Dear Com­mu­ni­ty, 

We’re writ­ing to share a ground­break­ing shift for SAALT. We have entered chrysalis which will con­tin­ue through late 2024. Dur­ing this time, we are com­mit­ted to the following:

  • Build an analysis of caste. We have ceased exter­nal pro­gram­ming to focus our ener­gy towards devel­op­ing an indi­vid­ual and shared analy­sis of caste, through polit­i­cal edu­ca­tion, prin­ci­pled strug­gle, reflec­tion, and rela­tion­ship build­ing, start­ing with our own selves, bio­log­i­cal and cho­sen fam­i­lies, and our caste communities. 
  • Co-stewardship inside an accountable ecosystem. We have tran­si­tioned from an ED and Board non-prof­it mod­el, to a co-stew­ard­ship non­prof­it mod­el, held by a cir­cle of South Asian account­abil­i­ty part­ners com­mit­ted to build­ing an analy­sis of caste. 

Why chrysalis?

For years, SAALT has received feed­back that our orga­ni­za­tion is in a per­pet­u­al “iden­ti­ty crisis.” 

We’ve felt it too. Our core con­tra­dic­tion is not lost on us. We’re attempt­ing to build pow­er for all South Asians, while lack­ing a deep under­stand­ing of an ancient, home­grown oppres­sion: caste. For decades, caste has inher­ent­ly result­ed in social inequal­i­ty, which informs the posi­tion­al­i­ty of South Asians in the US. 

SAALT has much to cel­e­brate across its 20 year his­to­ry of con­ven­ing, coor­di­nat­ing and rep­re­sent­ing South Asian com­mu­ni­ties nation­al­ly. Simul­ta­ne­ous­ly, SAALT’s agen­da has pri­mar­i­ly been dri­ven by high caste lead­er­ship, coastal elit­ism and oth­er priv­i­leged South Asian com­mu­ni­ty urgen­cies. Through rela­tion­ship build­ing and deep lis­ten­ing with and to Dalit Bahu­jan com­mu­ni­ties, along­side our own study of caste, SAALT began the jour­ney towards chrysalis. The need for this became more evi­dent in 2019 when SAALT sup­port­ed asy­lum seek­ers flee­ing South Asia because of caste vio­lence. As a result, we are assert­ing that build­ing South Asian pow­er requires coura­geous lead­er­ship and a com­mit­ment to cul­tur­al trans­for­ma­tion that is root­ed in an analy­sis of caste.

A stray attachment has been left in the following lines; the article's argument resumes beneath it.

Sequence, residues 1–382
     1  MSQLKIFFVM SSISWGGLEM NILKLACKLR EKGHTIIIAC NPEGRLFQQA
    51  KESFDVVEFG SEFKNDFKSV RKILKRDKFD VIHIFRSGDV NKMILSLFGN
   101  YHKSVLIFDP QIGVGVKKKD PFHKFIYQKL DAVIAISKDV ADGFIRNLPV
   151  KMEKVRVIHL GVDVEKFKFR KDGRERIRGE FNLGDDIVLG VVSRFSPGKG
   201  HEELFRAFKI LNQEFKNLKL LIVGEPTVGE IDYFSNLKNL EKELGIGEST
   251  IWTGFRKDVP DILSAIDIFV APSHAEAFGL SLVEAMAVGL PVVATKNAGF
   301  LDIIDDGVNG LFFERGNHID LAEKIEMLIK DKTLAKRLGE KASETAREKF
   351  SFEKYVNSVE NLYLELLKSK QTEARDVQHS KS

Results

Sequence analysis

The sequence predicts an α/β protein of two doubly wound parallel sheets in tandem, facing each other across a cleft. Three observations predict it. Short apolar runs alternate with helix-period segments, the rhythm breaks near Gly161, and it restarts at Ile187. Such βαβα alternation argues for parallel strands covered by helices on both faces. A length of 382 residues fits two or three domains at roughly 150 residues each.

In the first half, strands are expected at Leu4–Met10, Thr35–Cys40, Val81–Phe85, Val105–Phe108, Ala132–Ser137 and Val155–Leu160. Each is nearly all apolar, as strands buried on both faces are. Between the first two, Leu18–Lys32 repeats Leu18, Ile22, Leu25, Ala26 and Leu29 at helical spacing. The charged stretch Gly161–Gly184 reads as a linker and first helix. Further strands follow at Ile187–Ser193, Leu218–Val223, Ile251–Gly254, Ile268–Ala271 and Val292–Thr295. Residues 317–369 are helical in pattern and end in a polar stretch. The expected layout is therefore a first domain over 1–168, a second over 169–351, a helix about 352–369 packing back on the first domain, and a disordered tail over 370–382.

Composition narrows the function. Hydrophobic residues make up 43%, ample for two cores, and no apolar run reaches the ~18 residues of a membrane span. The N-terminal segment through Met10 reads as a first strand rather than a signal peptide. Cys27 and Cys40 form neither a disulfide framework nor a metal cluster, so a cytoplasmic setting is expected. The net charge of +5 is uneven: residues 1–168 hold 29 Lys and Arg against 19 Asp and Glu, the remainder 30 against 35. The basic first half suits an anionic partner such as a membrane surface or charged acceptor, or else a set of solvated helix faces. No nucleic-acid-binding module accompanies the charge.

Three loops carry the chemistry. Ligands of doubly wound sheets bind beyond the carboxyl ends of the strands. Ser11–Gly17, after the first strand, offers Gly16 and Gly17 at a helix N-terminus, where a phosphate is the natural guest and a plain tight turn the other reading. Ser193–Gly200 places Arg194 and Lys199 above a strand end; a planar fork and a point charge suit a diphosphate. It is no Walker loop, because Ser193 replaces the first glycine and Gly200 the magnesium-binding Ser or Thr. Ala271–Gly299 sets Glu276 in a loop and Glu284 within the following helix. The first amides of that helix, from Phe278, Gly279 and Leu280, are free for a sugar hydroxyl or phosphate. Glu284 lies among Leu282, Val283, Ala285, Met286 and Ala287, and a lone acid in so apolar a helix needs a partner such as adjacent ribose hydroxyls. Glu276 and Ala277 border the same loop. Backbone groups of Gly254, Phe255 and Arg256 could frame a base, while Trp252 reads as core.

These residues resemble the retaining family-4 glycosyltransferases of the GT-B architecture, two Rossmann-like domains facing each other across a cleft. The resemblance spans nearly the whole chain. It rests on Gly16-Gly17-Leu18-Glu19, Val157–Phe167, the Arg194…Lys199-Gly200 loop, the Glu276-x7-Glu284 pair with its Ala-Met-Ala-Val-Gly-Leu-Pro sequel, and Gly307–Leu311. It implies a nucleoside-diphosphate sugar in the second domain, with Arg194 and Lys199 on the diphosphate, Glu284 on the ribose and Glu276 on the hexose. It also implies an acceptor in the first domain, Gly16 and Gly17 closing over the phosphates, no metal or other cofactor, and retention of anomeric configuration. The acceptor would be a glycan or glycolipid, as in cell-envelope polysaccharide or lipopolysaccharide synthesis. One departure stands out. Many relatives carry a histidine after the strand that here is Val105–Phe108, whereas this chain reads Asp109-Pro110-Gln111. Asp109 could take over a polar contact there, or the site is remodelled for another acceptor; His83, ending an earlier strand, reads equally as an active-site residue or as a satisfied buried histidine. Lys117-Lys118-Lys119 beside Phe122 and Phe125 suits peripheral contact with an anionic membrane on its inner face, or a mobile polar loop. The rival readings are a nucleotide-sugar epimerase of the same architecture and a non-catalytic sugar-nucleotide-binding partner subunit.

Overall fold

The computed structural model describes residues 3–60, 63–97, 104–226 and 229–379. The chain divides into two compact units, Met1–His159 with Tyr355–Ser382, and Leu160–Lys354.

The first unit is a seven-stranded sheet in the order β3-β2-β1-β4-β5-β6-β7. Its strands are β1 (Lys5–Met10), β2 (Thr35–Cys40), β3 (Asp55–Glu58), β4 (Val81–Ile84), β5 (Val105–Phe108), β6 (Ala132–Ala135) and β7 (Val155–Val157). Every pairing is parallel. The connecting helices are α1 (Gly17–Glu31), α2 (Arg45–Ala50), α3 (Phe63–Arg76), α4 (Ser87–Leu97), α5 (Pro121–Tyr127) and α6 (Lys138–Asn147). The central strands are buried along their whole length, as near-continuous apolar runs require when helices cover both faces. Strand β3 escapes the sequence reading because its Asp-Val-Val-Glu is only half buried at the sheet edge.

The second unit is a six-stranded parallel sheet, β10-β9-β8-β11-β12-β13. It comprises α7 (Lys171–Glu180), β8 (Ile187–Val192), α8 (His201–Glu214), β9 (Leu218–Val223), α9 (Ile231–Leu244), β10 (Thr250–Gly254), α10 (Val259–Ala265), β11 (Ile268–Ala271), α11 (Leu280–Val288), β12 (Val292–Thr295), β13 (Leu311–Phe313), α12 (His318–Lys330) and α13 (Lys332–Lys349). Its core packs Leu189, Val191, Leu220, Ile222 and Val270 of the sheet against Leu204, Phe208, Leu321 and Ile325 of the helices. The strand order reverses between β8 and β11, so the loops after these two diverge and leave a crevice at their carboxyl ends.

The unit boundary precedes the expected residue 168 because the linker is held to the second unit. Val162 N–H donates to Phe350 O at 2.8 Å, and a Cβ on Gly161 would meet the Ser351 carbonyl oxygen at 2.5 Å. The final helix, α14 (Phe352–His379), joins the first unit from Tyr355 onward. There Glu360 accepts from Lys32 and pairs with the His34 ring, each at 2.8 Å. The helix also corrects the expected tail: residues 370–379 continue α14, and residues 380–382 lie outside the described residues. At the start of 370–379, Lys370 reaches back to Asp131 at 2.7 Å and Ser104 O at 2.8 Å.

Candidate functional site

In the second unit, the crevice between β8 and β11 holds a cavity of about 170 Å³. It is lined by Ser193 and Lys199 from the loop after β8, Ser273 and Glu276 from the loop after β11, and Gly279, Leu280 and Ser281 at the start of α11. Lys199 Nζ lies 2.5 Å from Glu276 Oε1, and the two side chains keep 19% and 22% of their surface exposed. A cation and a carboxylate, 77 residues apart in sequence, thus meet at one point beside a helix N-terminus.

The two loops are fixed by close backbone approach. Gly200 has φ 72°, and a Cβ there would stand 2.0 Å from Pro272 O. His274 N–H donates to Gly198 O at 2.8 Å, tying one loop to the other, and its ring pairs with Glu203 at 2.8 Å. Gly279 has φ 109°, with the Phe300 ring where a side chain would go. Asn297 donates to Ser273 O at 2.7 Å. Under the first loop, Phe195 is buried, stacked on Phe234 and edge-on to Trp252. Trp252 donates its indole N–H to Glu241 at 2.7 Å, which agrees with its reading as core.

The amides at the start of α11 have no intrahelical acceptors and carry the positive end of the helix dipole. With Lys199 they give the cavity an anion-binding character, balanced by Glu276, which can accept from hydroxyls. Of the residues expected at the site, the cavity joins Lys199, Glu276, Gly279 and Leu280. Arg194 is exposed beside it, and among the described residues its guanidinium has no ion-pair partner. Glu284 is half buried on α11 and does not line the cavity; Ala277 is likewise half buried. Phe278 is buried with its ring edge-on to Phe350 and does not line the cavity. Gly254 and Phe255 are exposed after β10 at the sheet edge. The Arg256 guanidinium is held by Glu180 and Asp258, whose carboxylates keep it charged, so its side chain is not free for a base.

If we sim­ply con­tin­ued the work of SAALT as is, we would over­look the essen­tial first step – to build an analy­sis of caste – through which we under­stand our South Asian­ness, and nav­i­gate the oth­er val­ues we hold dear. By not under­stand­ing caste, we lack a true under­stand­ing of our­selves and our peo­ples’ his­to­ries. We can nev­er ful­ly or authen­ti­cal­ly par­tic­i­pate in cre­at­ing a racial­ly, gen­der, eco­nom­i­cal­ly, dis­abil­i­ty, and envi­ron­men­tal­ly just world with­in our dias­poric com­mu­ni­ties. Nor can we be respon­si­ble co-con­spir­a­tors with oth­er com­mu­ni­ties of color.

Through­out our twen­ty year his­to­ry, SAALT’s advo­ca­cy, pol­i­cy, and pro­gram­ming have lacked this core foun­da­tion and at times have even been caste suprema­cist in nature as a result. This focused, inten­tion­al time to build a caste analy­sis is what is need­ed for us to be tru­ly trans­for­ma­tive as South Asian Amer­i­cans and as a South Asian Amer­i­can serv­ing institution. 

Our inten­tions must be aligned with our actions. There­fore, we are unapolo­get­i­cal­ly ded­i­cat­ing our time, resources, mon­ey, and spa­cious­ness to this first step through late 2024. 

Our ultimate vision

We take this step with clear con­vic­tion and this vision in mind:  to build and sus­tain an anti-caste insti­tu­tion­al cul­ture, struc­ture, and poten­tial change work that is root­ed in us relat­ing to each oth­er and the world as stew­ards of the anti-caste move­ment. We can only expect trans­for­ma­tion in the world if we prac­tice it first with each other.

In com­mu­ni­ty,

The SAALT co-stewards